Today the United States spends far more per capita on health care than any other nation. According to the latest information, we spend $ 3.2 trillion a year on health care— about $ 10,000 for every man, woman, and child. In 2013, we spent 17.1 percent of our GDP on health care. This was almost 50 percent more than the next highest spender, France, and double what the United Kingdom spent.

 

The irrationality of the current system can thus be seen not just in the profit margins and outrageously high compensation packages of CEOs in the insurance and pharmaceutical industries, but, more significantly, in the huge amount of waste and inefficiencies inherent in an enormously complicated system designed to maximize profit rather than provide high-quality and cost-effective health care.

 

While the five largest drug companies made a combined $ 50 billion in profits last year, one out of five Americans between the ages of nineteen and sixty-four were unable to fill the prescriptions their doctors wrote.

 

One of the reasons the pharmaceutical industry makes huge profits is pretty simple: Unlike every other major country on earth, all of which negotiate prices with the pharmaceutical industry, here in the U.S. drug companies can charge any price they want. And so they do. You can walk into your pharmacy tomorrow to get a refill of the same medicine that you have used for twenty years, and the price could be double what it was when you got your last refill six months before. And there is not a thing you can do about it.

 

It might have something to do with the fact that the pharmaceutical industry is one of the most politically powerful industries in the country and spends endless amounts of money on lobbying and campaign contributions. The pharmaceutical industry has spent more than $ 3 billion on lobbying since 1998. This is $ 1 billion more than the insurance industry, which came in second place in lobbying expenditures. The pharmaceutical industry, because of its great power, rarely loses legislative fights. It has effectively purchased the Congress, and there are Republican and Democratic leaders who support its every effort.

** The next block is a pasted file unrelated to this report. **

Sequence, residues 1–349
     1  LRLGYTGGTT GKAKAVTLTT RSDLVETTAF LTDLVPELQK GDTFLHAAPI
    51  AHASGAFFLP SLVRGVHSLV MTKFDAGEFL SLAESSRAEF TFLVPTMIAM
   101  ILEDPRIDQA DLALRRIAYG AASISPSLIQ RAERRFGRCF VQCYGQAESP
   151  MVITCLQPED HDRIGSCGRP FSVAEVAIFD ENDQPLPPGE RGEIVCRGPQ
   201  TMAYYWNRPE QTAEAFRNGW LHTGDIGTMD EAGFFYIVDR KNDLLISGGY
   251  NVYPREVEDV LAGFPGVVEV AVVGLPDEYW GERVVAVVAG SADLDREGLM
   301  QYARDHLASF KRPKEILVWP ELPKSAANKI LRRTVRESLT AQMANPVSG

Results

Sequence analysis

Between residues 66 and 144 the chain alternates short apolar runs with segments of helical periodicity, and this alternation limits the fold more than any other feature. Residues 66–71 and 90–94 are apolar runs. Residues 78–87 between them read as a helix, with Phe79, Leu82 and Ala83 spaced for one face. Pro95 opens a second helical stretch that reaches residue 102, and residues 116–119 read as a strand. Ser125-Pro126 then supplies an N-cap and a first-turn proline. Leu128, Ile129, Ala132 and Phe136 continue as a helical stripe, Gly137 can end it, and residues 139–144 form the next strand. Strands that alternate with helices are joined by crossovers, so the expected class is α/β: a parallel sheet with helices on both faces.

The answer has everything to do with the power and greed of the pharmaceutical industry, and a health care system more concerned about profits than about the needs of the American people

Pharma Guy's insight:

Meanwhile, "Trump Trumps Bernie Sanders: Promises Free Rx Drugs to All!"; http://sco.lt/82V0Rl 

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Sanders to Pfizer and Allergan: "I Don't Want Your Damn Merger!"

Sanders to Pfizer and Allergan: "I Don't Want Your Damn Merger!" | Pharmaguy's Insights Into Drug Industry News | Scoop.it

Sanders has asked the Treasury to try to undermine the deal by removing some of the tax strategies, including "hopscotch loans" that companies use after a so-called tax inversion like this one to return offshore profits to shareholders, according to his letter to the department.

"Blocking this inversion would not only be sound fiscal policy, it would also act as a strong deterrent to other companies that are contemplating similar tax scams," Sanders, the ranking member of the Senate Budget Committee, said in his letter.

He pointed to estimates from a tax fairness group stating that stopping the merger would save the U.S. about $35 billion in lost taxes, although some economists have questioned that estimate.